Number 6.  –  Kiss Kiss, Bang Bang

A movie that barely anyone has seen, yet it was Robert Downey Jr.’s greatest comeback to movies before he officially became Iron Man. While Downey, Kilmer and Mognahan all deliver spot on, nuanced performances the real star here is director/writer Shane Black who’s knowledge, vision, and insight power this neo-noir past the usual fish-out-of-water detective cliches (Downey as a small town petty burglar and nicest guy in the film posing as an film actor posing as a private detective posing as the narrator of the film in big city L.A. for the first time) into a compliment/indictment of the movie community (like hating the one you love or loving the one you hate or something like that). Well informed and absolutely riotous. The story ceases to make sense or even to matter and I didn’t care. It’s a lovingly cynical film by a cynical guy about a cynical town in that most cynical of film motifs, the noir. I actually don’t think Downey has played any other character but this one since this has been made.

Number 5.  –  A History of Violence

Never in a million years will you ever see that this was based on Vertigo comic book, but even despite the fact that it was a fantastic gangster film. This is, like all Cronenberg’s work, a mythic movie. It occupies the world of “monsters” that Tom Stall’s daughter dreams about at the start. It’s as if we get to see the little girl’s nightmare as the film unfolds. It’s because of this poetic, super-real quality that criticisms from the “this isn’t real life” brigade have no relevance. The screenplay is exceptionally tight and well-woven – no image is wasted. The subplot of the son’s troubles with a school bully parallels the main plot. The very existence of the son is there to show the inheritance – the history – of violence. The sex scenes are there to show the proximity of lust and violence. It’s about the inexhaustible rage of humans. It couldn’t be more relevant, it couldn’t be more timeless. It is well acted and beautifully photographed. I have some minor reservations – did we really need so much of Howard Shore’s music? – but on the whole I think this is a a superb film. Not for the kiddies, however.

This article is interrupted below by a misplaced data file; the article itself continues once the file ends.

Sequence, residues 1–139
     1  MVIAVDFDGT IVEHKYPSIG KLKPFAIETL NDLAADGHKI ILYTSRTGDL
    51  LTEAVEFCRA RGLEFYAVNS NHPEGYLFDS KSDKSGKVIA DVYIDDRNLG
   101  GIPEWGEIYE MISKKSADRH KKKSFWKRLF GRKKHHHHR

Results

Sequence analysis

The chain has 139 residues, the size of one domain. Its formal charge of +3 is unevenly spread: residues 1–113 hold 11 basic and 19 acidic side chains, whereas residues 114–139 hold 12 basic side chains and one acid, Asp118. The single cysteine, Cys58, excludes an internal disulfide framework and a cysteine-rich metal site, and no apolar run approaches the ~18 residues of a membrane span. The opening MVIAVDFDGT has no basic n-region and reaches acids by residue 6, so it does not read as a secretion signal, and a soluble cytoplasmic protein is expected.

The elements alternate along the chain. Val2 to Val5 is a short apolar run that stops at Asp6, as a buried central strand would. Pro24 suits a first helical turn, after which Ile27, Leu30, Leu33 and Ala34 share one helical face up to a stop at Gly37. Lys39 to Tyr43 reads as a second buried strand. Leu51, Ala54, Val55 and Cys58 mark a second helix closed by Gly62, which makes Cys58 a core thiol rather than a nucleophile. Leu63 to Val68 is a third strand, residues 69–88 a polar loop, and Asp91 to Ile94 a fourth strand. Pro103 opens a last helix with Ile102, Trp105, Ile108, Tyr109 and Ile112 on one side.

Number 4.  –  The Proposition

Western films have always been set in 1800’s wild west of America, but The Proposition shows that any country with a desert like Australia can do the same, in fact, there were cowboys in that country in that era. Not only do I love how refreshing this western feels, but the story and atmosphere was truly breathtaking. Guy Pearce stars as Charlie Burns, one of three notorious outlaw brothers, who has just been caught, along with the youngest and most innocent brother Mickey, by a police captain, played by Ray Winstone. The captain gives Charlie an ultimatum; he can save his younger brother’s life and be set free if he finds his older brother, Arthur Burns the most vicious of them all and played wonderfully by Danny Huston, and kills him. Charlie excepts this offer and makes his way to find his brother. During this time Charlie encounters a bounty hunter, played by John Hurt, as well as an unfortunate encounter with some of the aborigines. Using the Australian outback as a setting is a wonderful choice in terms of the film’s cinematography. The actors are all in top form, particularly Huston, who adds a strange soul to his ruthless outlaw, despite knowing full well that he is as ruthless as people know him. Its very much an ensemble film as well, making use of all of its characters.

1-1Number 3.  –  Star Wars Episode III:
Revenge of the Sith